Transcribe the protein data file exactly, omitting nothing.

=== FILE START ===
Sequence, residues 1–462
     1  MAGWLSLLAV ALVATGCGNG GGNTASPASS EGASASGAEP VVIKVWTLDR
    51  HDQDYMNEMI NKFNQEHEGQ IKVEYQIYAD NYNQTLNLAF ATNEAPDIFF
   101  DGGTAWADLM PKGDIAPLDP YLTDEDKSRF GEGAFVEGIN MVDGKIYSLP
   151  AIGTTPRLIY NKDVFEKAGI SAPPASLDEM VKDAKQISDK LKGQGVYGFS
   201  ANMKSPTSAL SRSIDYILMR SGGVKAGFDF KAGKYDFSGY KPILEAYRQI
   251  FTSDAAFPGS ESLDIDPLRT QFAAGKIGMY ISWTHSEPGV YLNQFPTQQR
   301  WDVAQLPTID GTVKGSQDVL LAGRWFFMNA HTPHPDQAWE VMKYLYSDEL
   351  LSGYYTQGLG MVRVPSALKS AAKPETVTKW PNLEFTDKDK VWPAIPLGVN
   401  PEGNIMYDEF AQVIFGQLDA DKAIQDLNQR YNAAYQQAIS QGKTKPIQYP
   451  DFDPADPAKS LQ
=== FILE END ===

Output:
Sequence, residues 1–462
     1  MAGWLSLLAV ALVATGCGNG GGNTASPASS EGASASGAEP VVIKVWTLDR
    51  HDQDYMNEMI NKFNQEHEGQ IKVEYQIYAD NYNQTLNLAF ATNEAPDIFF
   101  DGGTAWADLM PKGDIAPLDP YLTDEDKSRF GEGAFVEGIN MVDGKIYSLP
   151  AIGTTPRLIY NKDVFEKAGI SAPPASLDEM VKDAKQISDK LKGQGVYGFS
   201  ANMKSPTSAL SRSIDYILMR SGGVKAGFDF KAGKYDFSGY KPILEAYRQI
   251  FTSDAAFPGS ESLDIDPLRT QFAAGKIGMY ISWTHSEPGV YLNQFPTQQR
   301  WDVAQLPTID GTVKGSQDVL LAGRWFFMNA HTPHPDQAWE VMKYLYSDEL
   351  LSGYYTQGLG MVRVPSALKS AAKPETVTKW PNLEFTDKDK VWPAIPLGVN
   401  PEGNIMYDEF AQVIFGQLDA DKAIQDLNQR YNAAYQQAIS QGKTKPIQYP
   451  DFDPADPAKS LQ